We all know that, over time, the documents and other data we store become gradually corrupted by ‘bit rot’. In its broadest sense, this is data degradation, and is the result of imperfections in storage media. But over what period is bit rot a significant risk? Are we talking months, years or centuries?
Bit rot and measures to protect from it are one of the most controversial topics in computing. Look at most accounts and they’re full of sweeping assertions, technical descriptions of how bit rot might happen, but the only figures they’re ever likely to quote are drawn from manufacturers’ specifications or old studies on hard disks which are almost certainly irrelevant to modern storage media, even hard disks.
If you can’t measure it, does it even exist?
When researching this article, I looked for contemporary measurements of bit rot rate on current storage media, and have been unable to find a robust scientific study which might yield such figures. That isn’t to say that it hasn’t been done, but if it has someone’s keeping very quiet about the results. This is in spite of three modern file systems – notably ZFS, Btrfs and ReFS – all incorporating methods designed to detect bit rot.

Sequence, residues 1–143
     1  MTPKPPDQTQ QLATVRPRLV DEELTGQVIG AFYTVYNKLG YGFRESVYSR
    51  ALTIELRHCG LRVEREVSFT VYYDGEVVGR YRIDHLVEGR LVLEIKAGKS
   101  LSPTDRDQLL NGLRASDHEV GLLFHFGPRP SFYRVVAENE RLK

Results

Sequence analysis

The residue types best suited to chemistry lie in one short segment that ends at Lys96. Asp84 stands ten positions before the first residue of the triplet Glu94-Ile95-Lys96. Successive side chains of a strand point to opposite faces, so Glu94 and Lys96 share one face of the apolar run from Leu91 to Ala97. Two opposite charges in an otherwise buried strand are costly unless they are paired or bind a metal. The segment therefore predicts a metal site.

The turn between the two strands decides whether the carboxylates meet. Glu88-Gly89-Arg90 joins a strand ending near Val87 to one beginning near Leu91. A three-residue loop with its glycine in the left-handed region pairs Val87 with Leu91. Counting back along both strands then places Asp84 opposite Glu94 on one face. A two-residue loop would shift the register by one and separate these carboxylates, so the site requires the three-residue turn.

Detecting bit rot in your sole copy of an important file isn’t particularly helpful either. Much better are error-correcting codes (ECC), which can repair any error when it occurs, in a self-healing file system. Even that is of little help if the medium is write-once, as is most likely in most archival storage.
One storage medium which should benefit most from a file system designed to detect bit rot and to self-correct using ECC is the hard disk. Few survive three years without developing some errors, so even if you replace them at that point, it’s likely that some repairs will have been necessary, or there will have been some data loss. Hard disks are also among the poorer-performing media in widespread use, and the overhead of ECC and other safety measures could only worsen that.
Without much better information on risks and rates of bit rot in SSDs, it seems hard to justify imposing overhead on their performance just in case it might be significant.
A better strategy for SSDs and write-only media such as archival Blu-ray disks is surely to monitor file checksums periodically, falling back to a copy of any file whose checksum changes. That in turn requires a simple GUI method of scanning a volume and comparing each of the files with their expected checksum. I’m thinking about that a great deal just now.